Update on Sayre Fire in Sylmar: Biggest Arson Investigation in Los Angeles history?
Updated at 4:53 pm and revised number of homes burned
Los Angeles police and fire officials are now floating the chilling possibility that they may find bodies inside the Oakridge Park mobile home neighborhood once they get a handle on the Sayre Fire, still only 10 percent contained. By their calculations, there are too many burned-out hulks of cars left near houses, implying that some people didn't make it out.
One firefighter said it was the most ferocious fire he'd ever seen inside the Los Angeles city limits, and told a story of heroics in which he and three other firefighters found an elderly woman inside her burning home, and hustled her out just as the windows exploded from intense heat.
With the Oakridge Park mobile home development in the San Fernando Valley looking as if it had been "hit by a nuclear bomb," and roughly 500 of its 700 closely packed houses burned down to soft piles of ash, the Los Angeles Police Department declared the Sayre Fire a massive crime scene on Saturday.
Los Angeles City Fire Department arson teams were reportedly preparing to launch what one official said could grow into the largest arson investigation in memory, rivaling the massive manhunt to identify the person who started the horrific Laguna Beach fire of Oct. 27, 1993, that torched 441 homes.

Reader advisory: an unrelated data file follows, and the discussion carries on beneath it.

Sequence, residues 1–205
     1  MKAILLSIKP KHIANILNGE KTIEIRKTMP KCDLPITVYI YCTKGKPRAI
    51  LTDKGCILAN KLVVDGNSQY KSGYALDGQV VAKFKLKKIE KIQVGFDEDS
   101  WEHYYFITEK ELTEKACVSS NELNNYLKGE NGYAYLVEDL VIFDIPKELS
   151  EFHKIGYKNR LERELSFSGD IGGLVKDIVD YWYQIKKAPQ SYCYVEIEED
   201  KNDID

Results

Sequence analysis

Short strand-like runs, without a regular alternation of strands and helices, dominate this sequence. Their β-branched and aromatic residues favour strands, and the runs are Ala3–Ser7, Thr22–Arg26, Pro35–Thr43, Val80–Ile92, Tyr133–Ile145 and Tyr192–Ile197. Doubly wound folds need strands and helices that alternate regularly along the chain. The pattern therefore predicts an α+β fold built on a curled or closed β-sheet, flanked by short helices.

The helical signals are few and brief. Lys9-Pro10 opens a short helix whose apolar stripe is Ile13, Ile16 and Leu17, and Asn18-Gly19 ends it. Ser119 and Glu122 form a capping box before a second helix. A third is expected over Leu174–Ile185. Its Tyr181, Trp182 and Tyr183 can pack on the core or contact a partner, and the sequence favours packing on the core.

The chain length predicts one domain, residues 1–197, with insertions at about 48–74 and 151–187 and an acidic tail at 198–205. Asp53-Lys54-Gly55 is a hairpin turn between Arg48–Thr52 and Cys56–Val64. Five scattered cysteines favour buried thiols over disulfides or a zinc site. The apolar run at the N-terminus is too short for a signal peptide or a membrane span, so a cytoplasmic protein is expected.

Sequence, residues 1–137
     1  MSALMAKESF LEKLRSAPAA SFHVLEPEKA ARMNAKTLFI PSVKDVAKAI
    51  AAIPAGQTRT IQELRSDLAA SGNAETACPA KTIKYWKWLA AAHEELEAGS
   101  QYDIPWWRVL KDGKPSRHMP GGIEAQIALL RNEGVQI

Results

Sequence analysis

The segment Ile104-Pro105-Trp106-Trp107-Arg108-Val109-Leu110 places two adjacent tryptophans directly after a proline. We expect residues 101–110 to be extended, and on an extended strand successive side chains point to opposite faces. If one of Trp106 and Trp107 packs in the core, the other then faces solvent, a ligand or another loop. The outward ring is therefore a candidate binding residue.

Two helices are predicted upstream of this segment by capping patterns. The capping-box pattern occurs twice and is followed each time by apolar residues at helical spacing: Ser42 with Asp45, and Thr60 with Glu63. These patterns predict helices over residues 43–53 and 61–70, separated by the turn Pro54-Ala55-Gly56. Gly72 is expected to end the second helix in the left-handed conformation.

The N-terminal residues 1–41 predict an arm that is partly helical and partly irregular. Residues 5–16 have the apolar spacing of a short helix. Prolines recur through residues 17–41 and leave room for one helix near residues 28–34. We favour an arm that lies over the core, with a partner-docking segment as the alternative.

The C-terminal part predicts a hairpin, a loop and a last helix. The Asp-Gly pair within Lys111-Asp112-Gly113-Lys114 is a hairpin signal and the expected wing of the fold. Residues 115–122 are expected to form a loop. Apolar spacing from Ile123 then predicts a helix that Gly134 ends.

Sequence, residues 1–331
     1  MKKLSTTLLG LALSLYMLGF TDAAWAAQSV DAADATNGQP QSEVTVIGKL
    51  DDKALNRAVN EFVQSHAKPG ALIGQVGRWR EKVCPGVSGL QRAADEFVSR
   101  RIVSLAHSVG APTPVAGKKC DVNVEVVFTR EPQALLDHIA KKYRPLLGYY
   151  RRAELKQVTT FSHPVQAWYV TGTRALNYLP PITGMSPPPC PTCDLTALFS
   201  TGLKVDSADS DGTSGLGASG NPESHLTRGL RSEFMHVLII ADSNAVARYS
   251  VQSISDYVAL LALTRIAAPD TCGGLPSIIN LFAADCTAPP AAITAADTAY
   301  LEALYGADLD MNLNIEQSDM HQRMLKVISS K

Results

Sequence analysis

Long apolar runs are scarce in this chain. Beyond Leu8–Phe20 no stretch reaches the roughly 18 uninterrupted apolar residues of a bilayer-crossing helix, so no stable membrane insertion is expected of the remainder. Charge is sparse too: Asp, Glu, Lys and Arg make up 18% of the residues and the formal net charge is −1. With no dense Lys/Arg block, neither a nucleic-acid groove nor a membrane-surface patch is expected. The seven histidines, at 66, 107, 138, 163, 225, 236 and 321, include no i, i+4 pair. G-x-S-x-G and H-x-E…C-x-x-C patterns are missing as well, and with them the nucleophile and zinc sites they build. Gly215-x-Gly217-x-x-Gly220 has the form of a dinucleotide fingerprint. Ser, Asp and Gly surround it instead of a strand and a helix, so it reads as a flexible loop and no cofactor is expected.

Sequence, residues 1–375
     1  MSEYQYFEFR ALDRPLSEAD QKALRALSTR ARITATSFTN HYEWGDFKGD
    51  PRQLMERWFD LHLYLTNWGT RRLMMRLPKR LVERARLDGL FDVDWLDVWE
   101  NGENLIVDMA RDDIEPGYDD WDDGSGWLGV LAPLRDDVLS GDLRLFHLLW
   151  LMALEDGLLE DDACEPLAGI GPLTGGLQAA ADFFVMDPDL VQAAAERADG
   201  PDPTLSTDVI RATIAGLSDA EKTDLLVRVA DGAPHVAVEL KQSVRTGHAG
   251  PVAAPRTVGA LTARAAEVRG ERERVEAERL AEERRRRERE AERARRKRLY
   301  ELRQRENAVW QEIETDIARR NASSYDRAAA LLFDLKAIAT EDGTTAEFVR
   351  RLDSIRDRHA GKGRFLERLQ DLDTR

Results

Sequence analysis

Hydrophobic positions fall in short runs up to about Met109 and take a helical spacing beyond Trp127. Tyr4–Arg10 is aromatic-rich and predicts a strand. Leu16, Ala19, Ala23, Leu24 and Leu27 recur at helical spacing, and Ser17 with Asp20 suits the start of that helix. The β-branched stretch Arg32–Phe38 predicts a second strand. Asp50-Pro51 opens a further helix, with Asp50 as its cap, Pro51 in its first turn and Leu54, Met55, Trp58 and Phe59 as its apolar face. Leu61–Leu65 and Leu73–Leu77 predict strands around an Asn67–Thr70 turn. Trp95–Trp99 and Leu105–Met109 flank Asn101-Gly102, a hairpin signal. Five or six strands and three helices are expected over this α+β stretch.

One shell-shocked Oakridge Park victim, an unidentified woman with her hair still matted from awakening in the middle of the night to encroaching flames, told local TV stations she hopes the arsonist — if it in fact turns out to be arson — gets "strung up" so the more than 1,000 adults and children left homeless can "take hits at him."
Local residents speculated that if it was arson, a mentally troubled perpetrator may have been set on his destructive path after seeing tall walls of flame springing up in the hills above Sylmar late Friday night.
There were so many fires driven by hot Santa Ana winds, including a major outbreak in Yorba Linda, that one blogger listed them all in a bleak cavalcade of bad news.
Police and fire officials pleaded with the public to stay away from the Northeast San Fernando Valley, where several key freeways were shut down for much of the day. Meanwhile, a gloom of ash spread across the entire Valley, blanketing a huge stretch of the region, home to 1.6 million residents, in grimy particles.
The eerily similar Laguna Beach arson disaster of 1993 eventually drew more than a dozen investigators and included federal agencies. Orange County authorities have publicly said they believe they know who did it. A Mexican immigrant falsely confessed to the crime, but the real perpetrator was never arrested. It's now considered a cold case, like dozens of other puzzling arson disasters in Southern California.
Get the This Week's Top Stories Newsletter
Every week we collect the latest news, music and arts stories — along with film and food reviews and the best things to do this week — so that you'll never miss LA Weekly's biggest stories.